The utility and application of marker-assisted selection (MAS) in conventional breeding is typically based on the availability of tightly linked DNA markers to the traits, mainly derived from QTL analysis. Although the Ta1AS3422 marker was not derived from a mapping population segregating for tan spot disease response, the marker haplotypes of tightly linked markers identified from QTL analyses of mapping populations do not always have a significant association with traits of interest. For example, a lack of association was observed between the haplotypes of five closely linked markers for Sr13 and wheat stem rust resistance [40].
Monomorphic SSR markers present in one locus enable the identification of the chromosomal location of the markers and thus identification of genomic regions of interest. The physical locations of over 124,000 genes are now available through the genome assembly of Chinese Spring [42], and the Ta1AS3422 marker was found targeting a single locus on chromosome 1AS at the physical location adjacent to a CCCH motif containing zinc finger protein (TraesCS1A02G114400.1), which belongs to a diverse group of regulatory proteins characterised by tandem repeats of a combination of cysteine and histidine residues in a zinc-binding domain. Given the proximity of this gene, it may be worth investigating gene expression during tan spot infection.
Although the outcome of NE–host sensitivity gene interactions vary depending on the host genotype, the consensus is that the removal of effector sensitivity genes from the host through breeding efforts contributes to the improvement of tan spot resistance [3,43,44,45], coupled with the introgression of resistance genes into breeding material to improve germplasm [46]. The potential utility of the novel SSR marker molecular presented herein makes it a promising candidate to explore further. Additionally, the convenience, simplicity of use, ease of scoring, wide genomic distribution and low cost of SSRs makes them attractive markers for use in plant breeding programs. However, this study represents a preliminary investigation, and further work is required to validate the effectiveness of the marker for predicting disease susceptibility, for example by evaluation and allele assessment of a wheat panel comprised of broad genetic backgrounds with contrasting tan spot phenotypes through a genome wide association study (GWAS), to further determine the extent of the marker association with the tan spot disease response, and thus the utility of Ta1AS3422.

Supplementary Materials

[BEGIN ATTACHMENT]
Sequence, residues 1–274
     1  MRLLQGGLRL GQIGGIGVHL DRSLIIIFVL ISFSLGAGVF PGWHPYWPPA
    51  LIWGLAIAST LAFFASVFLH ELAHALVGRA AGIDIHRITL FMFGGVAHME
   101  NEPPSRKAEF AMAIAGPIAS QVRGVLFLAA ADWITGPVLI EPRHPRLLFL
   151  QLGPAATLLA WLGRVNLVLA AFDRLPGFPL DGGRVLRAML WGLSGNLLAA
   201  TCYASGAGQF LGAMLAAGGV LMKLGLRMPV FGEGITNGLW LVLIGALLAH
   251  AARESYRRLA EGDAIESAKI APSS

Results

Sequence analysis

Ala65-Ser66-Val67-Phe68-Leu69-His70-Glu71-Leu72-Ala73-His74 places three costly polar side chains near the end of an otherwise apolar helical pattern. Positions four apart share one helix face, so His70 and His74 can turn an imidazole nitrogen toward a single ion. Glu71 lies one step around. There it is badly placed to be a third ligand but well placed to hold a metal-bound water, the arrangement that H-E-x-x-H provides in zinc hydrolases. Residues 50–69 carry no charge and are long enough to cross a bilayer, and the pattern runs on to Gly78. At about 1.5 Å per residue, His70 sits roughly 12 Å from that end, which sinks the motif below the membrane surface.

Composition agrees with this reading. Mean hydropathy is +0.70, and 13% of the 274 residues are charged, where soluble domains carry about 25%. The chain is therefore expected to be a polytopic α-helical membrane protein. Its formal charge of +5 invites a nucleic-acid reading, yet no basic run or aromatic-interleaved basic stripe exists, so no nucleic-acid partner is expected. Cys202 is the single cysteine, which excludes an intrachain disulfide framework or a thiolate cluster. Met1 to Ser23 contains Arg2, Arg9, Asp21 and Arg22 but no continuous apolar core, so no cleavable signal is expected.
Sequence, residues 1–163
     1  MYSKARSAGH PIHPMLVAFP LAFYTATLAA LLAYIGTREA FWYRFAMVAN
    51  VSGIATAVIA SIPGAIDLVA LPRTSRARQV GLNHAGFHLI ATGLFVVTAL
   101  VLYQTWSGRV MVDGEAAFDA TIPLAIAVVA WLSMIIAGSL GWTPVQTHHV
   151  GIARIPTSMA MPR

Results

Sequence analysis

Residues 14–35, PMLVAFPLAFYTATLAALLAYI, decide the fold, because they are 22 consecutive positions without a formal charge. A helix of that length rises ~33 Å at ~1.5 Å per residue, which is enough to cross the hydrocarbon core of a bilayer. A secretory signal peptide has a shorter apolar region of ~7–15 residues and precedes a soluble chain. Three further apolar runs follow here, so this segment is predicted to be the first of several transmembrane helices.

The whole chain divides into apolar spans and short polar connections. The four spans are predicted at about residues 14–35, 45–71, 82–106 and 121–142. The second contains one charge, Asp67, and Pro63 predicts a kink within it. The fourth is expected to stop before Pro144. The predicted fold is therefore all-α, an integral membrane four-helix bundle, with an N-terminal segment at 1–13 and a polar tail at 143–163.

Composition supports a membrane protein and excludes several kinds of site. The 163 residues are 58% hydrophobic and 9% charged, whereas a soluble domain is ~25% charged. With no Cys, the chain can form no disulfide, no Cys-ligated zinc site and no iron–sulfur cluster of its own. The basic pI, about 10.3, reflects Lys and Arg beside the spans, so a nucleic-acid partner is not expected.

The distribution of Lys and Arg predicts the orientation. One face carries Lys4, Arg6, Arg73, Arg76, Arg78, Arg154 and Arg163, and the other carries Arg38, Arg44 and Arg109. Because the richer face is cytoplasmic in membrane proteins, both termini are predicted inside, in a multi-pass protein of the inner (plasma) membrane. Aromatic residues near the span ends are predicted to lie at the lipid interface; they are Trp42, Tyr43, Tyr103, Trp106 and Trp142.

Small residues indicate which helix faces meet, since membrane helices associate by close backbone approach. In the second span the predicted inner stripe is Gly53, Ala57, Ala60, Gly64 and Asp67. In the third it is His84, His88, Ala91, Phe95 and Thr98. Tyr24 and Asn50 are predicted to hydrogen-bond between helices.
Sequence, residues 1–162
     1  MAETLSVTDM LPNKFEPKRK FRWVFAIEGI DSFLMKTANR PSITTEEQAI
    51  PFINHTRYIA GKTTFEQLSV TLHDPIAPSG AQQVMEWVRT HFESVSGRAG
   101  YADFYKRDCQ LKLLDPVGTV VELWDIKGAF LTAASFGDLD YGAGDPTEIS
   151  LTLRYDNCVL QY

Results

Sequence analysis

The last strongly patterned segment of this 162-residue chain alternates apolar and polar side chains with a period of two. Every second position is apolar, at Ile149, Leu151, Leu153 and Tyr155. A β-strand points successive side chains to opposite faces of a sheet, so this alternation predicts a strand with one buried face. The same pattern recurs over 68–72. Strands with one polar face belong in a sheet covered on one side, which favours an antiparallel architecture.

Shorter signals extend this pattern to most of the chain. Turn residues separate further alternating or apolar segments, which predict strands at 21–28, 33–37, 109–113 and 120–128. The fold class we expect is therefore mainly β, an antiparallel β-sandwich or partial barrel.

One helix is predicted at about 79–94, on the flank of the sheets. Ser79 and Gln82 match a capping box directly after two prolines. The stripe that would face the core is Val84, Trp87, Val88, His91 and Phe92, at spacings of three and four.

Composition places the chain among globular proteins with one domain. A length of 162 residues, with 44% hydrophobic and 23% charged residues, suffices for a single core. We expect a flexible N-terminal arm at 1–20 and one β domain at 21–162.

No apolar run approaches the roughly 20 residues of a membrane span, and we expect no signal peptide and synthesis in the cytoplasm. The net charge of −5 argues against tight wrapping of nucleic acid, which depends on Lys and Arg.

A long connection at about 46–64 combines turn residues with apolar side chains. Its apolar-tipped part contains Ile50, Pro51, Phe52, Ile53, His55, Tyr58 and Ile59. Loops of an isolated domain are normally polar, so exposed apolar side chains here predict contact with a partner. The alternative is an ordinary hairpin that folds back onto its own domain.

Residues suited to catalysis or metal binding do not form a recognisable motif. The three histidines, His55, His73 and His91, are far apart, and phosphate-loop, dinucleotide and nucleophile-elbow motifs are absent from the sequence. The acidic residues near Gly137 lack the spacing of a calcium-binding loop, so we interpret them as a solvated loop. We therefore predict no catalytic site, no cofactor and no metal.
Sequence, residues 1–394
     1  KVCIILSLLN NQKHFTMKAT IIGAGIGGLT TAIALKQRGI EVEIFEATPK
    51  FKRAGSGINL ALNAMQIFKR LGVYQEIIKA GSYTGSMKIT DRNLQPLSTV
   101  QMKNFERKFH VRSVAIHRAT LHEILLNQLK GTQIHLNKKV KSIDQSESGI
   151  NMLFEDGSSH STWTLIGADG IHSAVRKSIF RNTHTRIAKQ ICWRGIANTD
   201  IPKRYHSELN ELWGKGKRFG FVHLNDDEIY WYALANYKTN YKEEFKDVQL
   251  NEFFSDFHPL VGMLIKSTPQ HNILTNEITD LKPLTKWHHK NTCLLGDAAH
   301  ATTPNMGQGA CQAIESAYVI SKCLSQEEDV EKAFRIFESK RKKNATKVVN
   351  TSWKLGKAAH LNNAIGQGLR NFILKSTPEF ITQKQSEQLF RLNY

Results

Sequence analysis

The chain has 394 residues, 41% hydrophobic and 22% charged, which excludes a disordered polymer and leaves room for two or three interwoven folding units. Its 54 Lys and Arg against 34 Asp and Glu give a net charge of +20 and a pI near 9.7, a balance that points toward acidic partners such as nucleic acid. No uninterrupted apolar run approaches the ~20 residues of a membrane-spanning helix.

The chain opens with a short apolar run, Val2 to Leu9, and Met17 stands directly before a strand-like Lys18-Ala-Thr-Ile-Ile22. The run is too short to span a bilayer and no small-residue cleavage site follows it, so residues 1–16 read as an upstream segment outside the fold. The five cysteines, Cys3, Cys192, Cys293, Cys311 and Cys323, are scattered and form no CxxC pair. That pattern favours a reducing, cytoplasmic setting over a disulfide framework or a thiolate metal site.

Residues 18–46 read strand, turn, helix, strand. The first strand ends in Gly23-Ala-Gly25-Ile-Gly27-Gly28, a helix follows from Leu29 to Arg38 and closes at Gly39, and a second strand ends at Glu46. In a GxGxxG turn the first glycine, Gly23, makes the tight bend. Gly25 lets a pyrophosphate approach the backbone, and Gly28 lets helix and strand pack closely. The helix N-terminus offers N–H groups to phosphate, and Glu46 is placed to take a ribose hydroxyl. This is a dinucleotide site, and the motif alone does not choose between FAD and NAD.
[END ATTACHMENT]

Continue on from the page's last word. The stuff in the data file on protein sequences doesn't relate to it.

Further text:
The following are available online at https://www.mdpi.com/article/10.3390/agriculture11060513/s1, Table S1: Published significant QTL markers associated with tan spot resistance on wheat chromosome 1AS, Figure S1: Distribution of mean disease scores of hexaploid wheat varieties following infection with the Δtoxa Ptr mutant at seedling and tillering growth stages. Figure S2: Genomic location on wheat chromosome 1A of previously reported QTL markers related to tan spot disease resistance, Figure S3: Location of Ta1AS3422 on the Chinese Springe 1A chromosome.

Author Contributions

P.T.S. designed the experiments. P.T.S. carried out the experiments and wrote the paper. C.S.M. revised the manuscript. Both authors have read and agreed to the published version of the manuscript.

Funding

This research was funded by Grains Research and Development Corporation (GRDC) and Curtin University (project code CUR00023).

Acknowledgments

The authors thank the National variety trials (NVT) for the provision of seeds.

Conflicts of Interest

The authors declare no conflict of interest. The funders had no role in the design of the study; in the collection, analyses, or interpretation of data; in the writing of the manuscript, or in the decision to publish the results.

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Figure 1. PCR-based detection of the Ta1AS3422 marker. Example of presence or absence of Ta1AS3422 marker in various commercial bread wheat (hexaploid) and durum (tetraploid) varieties analysed via agarose gel electrophoresis. For each variety, the PCR assay was performed on two DNA samples extracted from two independent seedlings (1 and 2).
Figure 1. PCR-based detection of the Ta1AS3422 marker. Example of presence or absence of Ta1AS3422 marker in various commercial bread wheat (hexaploid) and durum (tetraploid) varieties analysed via agarose gel electrophoresis. For each variety, the PCR assay was performed on two DNA samples extracted from two independent seedlings (1 and 2).